River of Teeth by Sarah Gaiely. ★★★★
River of Teeth is more awesomeness than I thought could ever be packed into one novella. This little book is sheer fun!
I’ve been wanting to read this novella ever since I saw Sarah Gailey’s tweets about the history behind it. Basically, in 1909, America was facing two problems: a meat shortage and invasive plants in the Mississippi. Well, one U.S. congressman had a bright idea. We could import hippos to live in the Mississippi. They’d eat the invasive plants and provide a source of meat. Brilliant, right? The rest of Congress certainly thought so. The motion failed by only one vote. Presumably because someone finally pointed out that hippos are the most dangerous African mega-fauna. But if the vote had gone another way, what would America have been like? River of Teeth is a story of the American Hippo, although set earlier than the real world history that inspired it.
Legion: Skin Deep by Brandon Sanderson. ★★★
Looking back at my review of the first novella, Legion, I’m not really sure why I chose to read Legion: Skin Deep. Possibly I hoped it would improve? More likely, I just forgot that I wasn’t super thrilled with Legion and plunged head first into this one willy nilly.
Technically, you don’t need to read these books in order. The plot lines aren’t really related. The core concept of this novella series is the main character Stephan Leeds, who has hallucinations. However, these are no ordinary hallucinations. They appear whenever he studies any topic, gaining the knowledge that’s locked in his subconscious. They give him a panel of experts that he carry around with him at all times and allow him to have a lucrative job as an adviser and investigator.
All Systems Red by Martha Wells. ★★★★1/2
All Systems Red was truly a delight. A snarky robot with a TV addiction? Who can resist that!
All planetary missions must be supplied by the Company and they must rent a Company supplied SecUnit, an android security guard. The narrator of All Systems Red is one such SecUnit, but it has hacked into the governor module and is now secretly autonomous. It refers to itself as Murderbot, and it really doesn’t care about it’s job — guarding a team of scientists on a remote planet where there shouldn’t be problems anyway. Murderbot much prefers to hack into a satellite and gain access to 35,000 hours of entertainment media. This works out perfectly fine for Murderbot until a neighboring mission goes dark and their own humans may be in danger.
Snapshot by Brandon Sanderson. ★★★
Snapshot is novella from one of my favorite authors, Brandon Sanderson. However, it’s not a story I’ll ever return to.
In Snapshot, the police force of an independent city have access to an advanced technology that can recreate an entire day of the recent past. Buildings, streets, food, and even people. A specialized team enters this “snapshot” to gather evidence for a case, trying not to create a ripple effect of changes due to their presence.
Anthony Davis and his partner Chaz enter a snapshot of ten days ago, May 1st, to do some routine evidence gathering. But Davis has been listening to some conspiracy theory chat boards, and he heard that something big went down on May 1st. When Davis and Chaz head to an abandoned building where police were called, they discover that the city is hiding a brutal crime.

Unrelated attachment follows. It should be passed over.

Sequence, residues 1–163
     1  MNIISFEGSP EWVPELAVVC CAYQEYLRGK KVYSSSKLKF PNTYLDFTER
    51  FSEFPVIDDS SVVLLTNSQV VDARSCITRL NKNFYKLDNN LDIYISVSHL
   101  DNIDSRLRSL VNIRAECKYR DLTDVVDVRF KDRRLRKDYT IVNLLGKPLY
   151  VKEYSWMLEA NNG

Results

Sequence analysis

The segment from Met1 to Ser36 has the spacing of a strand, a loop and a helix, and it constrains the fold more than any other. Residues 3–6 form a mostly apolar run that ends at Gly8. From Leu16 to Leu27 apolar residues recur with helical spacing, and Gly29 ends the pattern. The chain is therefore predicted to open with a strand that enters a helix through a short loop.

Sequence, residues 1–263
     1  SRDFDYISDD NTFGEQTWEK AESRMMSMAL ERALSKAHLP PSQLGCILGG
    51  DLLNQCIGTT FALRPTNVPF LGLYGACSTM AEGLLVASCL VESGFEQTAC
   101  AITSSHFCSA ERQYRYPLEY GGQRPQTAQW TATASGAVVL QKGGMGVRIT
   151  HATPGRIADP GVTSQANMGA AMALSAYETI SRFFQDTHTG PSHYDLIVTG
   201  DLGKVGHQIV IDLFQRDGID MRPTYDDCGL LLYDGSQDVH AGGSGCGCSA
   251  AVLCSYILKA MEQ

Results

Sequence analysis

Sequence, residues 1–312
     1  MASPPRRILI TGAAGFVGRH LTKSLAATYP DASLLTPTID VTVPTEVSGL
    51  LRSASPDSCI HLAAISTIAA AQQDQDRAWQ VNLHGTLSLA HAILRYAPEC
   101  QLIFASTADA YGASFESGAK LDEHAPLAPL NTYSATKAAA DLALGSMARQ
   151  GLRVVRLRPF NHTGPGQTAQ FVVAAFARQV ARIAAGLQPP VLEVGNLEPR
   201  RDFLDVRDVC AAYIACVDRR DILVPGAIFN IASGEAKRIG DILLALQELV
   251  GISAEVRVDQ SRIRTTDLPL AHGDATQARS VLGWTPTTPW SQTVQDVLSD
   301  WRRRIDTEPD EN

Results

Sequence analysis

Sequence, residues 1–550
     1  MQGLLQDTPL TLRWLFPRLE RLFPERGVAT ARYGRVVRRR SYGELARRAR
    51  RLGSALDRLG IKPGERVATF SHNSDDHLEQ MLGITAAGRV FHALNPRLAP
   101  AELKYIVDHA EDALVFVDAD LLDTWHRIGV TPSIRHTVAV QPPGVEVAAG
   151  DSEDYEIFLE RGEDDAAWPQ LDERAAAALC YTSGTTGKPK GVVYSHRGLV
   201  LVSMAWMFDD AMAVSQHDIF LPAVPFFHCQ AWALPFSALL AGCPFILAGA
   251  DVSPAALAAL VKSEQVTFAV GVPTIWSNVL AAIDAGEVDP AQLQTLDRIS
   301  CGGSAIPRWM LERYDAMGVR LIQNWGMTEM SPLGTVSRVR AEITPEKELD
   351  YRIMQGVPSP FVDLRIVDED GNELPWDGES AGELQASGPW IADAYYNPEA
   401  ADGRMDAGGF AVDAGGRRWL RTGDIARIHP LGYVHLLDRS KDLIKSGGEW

The Dispatcher by John Scalzi. ★★★1/2
The Dispatchers is a sci-fi novella based around a single concept: what if anyone who was murdered just… came back? Right in their own home, naked as the day they were born. How would society change as a result?
Tony Valdez is a dispatcher, a professional with the license to murder. He exists to give second chances, since only murder results in people returning. He often works in hospitals, staying on hand in case a surgery goes wrong and it looks like the patient will die of natural causes, never to return. When he finds out that a fellow dispatcher has gone missing, Tony becomes involved in the investigation and the shady world of off-books dispatching.
Keeper of the Dawn by Dianna Gunn. ★★★★
I loved this fantasy novella! I picked it up mainly because I heard the protagonist was asexual (true), and I ended up with a novella that was beautiful in so many ways and really resonated with me.
Lai’s mother and grandmother before her have been priestesses, and Lai can’t imagine any other life for herself. In order to become a priestess, she must win through the trials, for only one girl can be selected by the gods as the next priestess. But what about after the trials? What will happen to the friends she’s in competition with? And what if… she fails?
Final Girls by Mira Grant. ★★★
I’ve read some of this author’s work under the name Seanan McGuire, but I’d never read one of the stories she wrote as Mira Grant. I had very little idea of what to expect going into Final Girls. I knew that it involved a virtual reality program being used for therapy, that it focused on sisterly bond between two women, and that it may involve horror aspects. All of those were true, but it also turned out to be a novella. So I read this one a lot quicker than I expected!
Dr. Jennifer Webb has invented the method and technology for using virtual reality for therapy. To heal her clients of old wounds, she’ll send them through a virtual reality horror simulation, where they’ll feel completely immersed in the narrative. This therapy is usually used to rebuild strained family bonds, but she’s giving journalist Esther Hoffman an exclusive look at her techniques, which include Esther taking a trip via Dr. Webb’s proprietary VR tech. Esther has built her career debunking fraudulent therapy techniques, and she just can’t wait to disprove Dr. Webb. However, as she and Dr. Webb undertake a VR journey, events in the outside world influence them in ways they could never have expected.